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Discussion Starter #1
My reasoning for this is, I already have a full time job working midnite to 8:30 in the morning, and i'm not interested in all the legal mumbo jumbo you have to deal with, in having your own business: some examples: tax season,business licenses', etc. I know i'll get some good/bad responses, but i need them to help me better understand what i'm gonna be getting into. thanx in advance for your future input. :D
 

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That's true, but the legal mumbo jumbo really isn't bad once you get your hands dirty. One thing that'll you miss out on by not calling it a business is savings on tax free items, and getting discounts from vendors. Some vendors won't even see you if you don't have a business licence or a tax receipt.

If you are printing for fun, it's a hobby. If you are printing for profit, it's a business. ;)
 

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what do u mean by vendors? like companies i would products from? and i was leaning more towards putting the funds back towards buying more products, shirts, ink, stuff like that, somewhat of a buying, selling, buying again type circle. i just wanna make some kick *** shirts and put them out there :D
 

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what do u mean by vendors? like companies i would products from?
In this context, "vendors" means suppliers who supply businesses only at wholesale prices.

It's really not expensive at all to set up a sole proprietorship and get a business license. It varies by state but I think generally you're looking at less than $150.
 

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The vendors will be supplying you shirts, and if you go through them you will get them substantially cheaper at wholesale prices, as stated before.

You can try flying under the radar, but if you are buying goods and selling goods, Uncle Sam is going to want to know about it. Any profit you make will want to be accounted for. Plus, you will be able to write-off your expenses of all the electricity you use and goods you buy at the end of the year.
 

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Discussion Starter #6
Damn, looks like trying to stay low key, won't be better in the long run, i'm gonna look into gettin a business liscense so i can reap the benefits, and i planned on somehow keeping track of the transactions and funds for a "just in case" situation, but it also makes more sense to have all that stuff written off at the end of tax season, thank u both, you've opend up my eyes a lil more on what a major mistake i mite have made. oh yeah one more thing, how do i look into getting a business liscense???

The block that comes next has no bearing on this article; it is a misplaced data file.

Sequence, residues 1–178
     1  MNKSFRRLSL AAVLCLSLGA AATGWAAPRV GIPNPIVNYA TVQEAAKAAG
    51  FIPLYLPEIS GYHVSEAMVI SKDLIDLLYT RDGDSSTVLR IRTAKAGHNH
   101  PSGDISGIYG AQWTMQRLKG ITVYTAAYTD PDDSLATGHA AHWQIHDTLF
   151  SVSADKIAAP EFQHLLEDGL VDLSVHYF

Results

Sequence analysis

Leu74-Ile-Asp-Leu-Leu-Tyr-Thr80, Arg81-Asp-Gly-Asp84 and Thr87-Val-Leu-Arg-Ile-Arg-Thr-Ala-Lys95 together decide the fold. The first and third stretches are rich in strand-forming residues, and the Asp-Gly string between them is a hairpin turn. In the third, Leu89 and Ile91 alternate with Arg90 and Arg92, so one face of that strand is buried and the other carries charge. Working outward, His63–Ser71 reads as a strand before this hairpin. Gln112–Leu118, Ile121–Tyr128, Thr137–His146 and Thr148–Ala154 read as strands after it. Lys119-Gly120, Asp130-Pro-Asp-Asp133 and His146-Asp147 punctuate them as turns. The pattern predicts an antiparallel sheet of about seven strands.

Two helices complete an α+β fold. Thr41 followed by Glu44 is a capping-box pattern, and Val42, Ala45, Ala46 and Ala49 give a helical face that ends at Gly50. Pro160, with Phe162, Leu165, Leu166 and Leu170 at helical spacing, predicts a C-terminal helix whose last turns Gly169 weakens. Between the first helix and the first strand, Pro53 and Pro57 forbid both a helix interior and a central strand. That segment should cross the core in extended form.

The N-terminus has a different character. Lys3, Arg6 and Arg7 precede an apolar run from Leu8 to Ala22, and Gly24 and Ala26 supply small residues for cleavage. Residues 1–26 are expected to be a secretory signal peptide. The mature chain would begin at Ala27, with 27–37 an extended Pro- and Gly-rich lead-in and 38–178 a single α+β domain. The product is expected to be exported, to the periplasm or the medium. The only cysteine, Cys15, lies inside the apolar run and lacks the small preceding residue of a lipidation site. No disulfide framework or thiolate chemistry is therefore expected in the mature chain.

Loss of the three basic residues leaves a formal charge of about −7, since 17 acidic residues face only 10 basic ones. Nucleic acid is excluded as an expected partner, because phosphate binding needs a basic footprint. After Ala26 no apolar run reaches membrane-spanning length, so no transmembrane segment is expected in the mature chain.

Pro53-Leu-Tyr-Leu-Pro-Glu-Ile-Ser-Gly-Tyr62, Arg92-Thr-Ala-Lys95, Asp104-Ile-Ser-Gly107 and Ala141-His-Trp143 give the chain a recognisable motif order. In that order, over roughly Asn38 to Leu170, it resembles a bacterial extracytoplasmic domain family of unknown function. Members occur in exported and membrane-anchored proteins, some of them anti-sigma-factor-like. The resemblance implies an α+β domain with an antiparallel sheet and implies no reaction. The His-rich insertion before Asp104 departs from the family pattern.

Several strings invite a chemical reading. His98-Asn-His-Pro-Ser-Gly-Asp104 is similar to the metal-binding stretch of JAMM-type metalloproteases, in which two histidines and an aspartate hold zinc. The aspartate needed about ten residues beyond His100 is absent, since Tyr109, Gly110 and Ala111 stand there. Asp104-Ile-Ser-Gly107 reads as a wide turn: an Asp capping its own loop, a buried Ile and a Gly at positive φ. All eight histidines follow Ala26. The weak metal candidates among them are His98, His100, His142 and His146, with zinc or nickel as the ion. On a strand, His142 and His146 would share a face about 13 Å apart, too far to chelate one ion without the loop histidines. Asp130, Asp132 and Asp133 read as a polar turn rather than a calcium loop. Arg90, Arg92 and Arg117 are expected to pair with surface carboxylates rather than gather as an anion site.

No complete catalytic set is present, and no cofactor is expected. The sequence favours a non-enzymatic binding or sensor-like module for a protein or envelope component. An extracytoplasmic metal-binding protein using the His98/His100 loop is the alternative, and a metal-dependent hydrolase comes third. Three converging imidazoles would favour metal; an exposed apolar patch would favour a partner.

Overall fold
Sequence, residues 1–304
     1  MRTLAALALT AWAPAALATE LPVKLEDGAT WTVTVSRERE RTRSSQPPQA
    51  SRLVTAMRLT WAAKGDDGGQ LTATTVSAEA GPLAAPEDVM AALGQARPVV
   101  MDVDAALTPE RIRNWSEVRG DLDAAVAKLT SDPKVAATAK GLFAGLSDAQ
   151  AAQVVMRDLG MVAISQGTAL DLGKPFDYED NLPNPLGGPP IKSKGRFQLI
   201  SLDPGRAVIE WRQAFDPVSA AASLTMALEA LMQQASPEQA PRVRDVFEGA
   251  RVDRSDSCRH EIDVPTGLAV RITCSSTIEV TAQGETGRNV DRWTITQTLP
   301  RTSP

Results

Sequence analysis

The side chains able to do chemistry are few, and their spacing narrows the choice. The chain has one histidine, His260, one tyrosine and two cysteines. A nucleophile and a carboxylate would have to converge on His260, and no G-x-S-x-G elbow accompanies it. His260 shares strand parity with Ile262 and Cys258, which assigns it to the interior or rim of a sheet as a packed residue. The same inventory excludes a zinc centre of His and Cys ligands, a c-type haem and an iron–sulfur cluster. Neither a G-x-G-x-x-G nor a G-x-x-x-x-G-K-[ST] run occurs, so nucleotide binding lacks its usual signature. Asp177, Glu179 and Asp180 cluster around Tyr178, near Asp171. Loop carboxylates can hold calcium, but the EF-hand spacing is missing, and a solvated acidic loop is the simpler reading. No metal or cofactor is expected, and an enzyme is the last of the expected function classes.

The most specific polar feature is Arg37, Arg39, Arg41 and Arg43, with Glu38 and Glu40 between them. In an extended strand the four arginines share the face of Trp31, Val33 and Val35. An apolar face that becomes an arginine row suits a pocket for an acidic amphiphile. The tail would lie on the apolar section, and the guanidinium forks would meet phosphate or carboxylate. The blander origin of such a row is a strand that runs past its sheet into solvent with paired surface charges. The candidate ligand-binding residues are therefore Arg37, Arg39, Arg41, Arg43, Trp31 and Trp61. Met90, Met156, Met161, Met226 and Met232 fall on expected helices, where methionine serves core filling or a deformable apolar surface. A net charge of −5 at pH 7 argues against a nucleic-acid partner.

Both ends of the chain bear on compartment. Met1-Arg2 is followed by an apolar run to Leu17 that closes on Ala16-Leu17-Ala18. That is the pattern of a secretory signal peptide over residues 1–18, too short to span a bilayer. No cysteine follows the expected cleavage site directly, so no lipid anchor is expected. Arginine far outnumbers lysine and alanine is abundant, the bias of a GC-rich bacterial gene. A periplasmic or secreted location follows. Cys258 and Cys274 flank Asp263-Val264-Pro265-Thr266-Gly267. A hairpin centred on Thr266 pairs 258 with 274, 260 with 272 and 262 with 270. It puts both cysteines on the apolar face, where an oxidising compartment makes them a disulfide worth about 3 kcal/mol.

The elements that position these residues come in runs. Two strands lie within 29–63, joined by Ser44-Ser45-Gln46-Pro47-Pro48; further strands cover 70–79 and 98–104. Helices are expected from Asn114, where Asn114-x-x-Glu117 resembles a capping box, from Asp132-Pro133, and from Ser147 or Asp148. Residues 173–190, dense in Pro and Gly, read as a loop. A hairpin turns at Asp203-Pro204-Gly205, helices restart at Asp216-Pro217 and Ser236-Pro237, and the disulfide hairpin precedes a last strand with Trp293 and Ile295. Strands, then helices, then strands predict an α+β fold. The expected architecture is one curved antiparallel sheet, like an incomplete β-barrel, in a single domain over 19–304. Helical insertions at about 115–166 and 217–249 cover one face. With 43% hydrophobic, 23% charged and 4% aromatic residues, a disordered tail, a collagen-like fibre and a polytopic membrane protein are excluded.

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i was leaning more towards putting the funds back towards buying more products, shirts, ink, stuff like that, somewhat of a buying, selling, buying again type circle.
If you're not running a business none of that is tax deductible, so you'll be losing money on every single thing you sell.
 

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Hi Matt. Before you go rushing off to register your business and get any licenses etc. you first need to make sure you actually have a business. Buy a few shirts, print them up, show them around to people and get some feedback. As it long it's only a few, consider putting them up for sale on EBay and see how well they do.

You don't want to go spending out money, until you know for sure that you have a viable business.
 

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So i should just stick with being a business then
Yup. If you start slow, read some forum threads, get some help from the relevant government departments, etc. you'll probably find it easier than you first feared.
 

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Dear MKW

I'm in the same boat as you basically. I'm going to be cross stitching onto my T-shirts and other items e.g bags.

Let me know please how you get on and good luck!

Louise Edge(Mrs)
Manchester, England:)
 

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Discussion Starter #15
Okay so i should start off slow get my equipment make a handful of shirts, maybe like 5 of each size, put them out there see if people are into my work, then if i get a pretty good amount of feedback and lets say (fanbase) then i should apply for the business liscense so i'll be able to put out a lager quanity legally. I'm I gettin the right idea?

GOOD LUCK STITCHER!!!!!
 

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I agree, make sure first that you have goods someone will want to buy. You can try selling on eBay and other places like cafepress.com (though a good amount of people on here don't recommend it) so you can see how well you do.

I researched and researched for about 6 months before getting my license. I read everything there is on what type of printing I should do, and other various business things that I needed to know. I registered with my local state at the town hall (it was cheap), registered online for a fictious name registration, and got a po box. It was cheap and easy, and I now reap all the benefits of owning a business.

Definently research and make sure it's something you really want to do. But if you plan on selling your stuff, I would highly suggest starting a sole proprietorship. You'll be happy you did and if you decide it's something you aren't interested in, then you're not really losing too much - it's pretty cheap to start up and you can always sell your equipment and supplies back on here! Good luck~
 

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Discussion Starter #18
kool, thanx for all the input, can't wait to get my heat press, and start ordering my plastisol designs ;D
 
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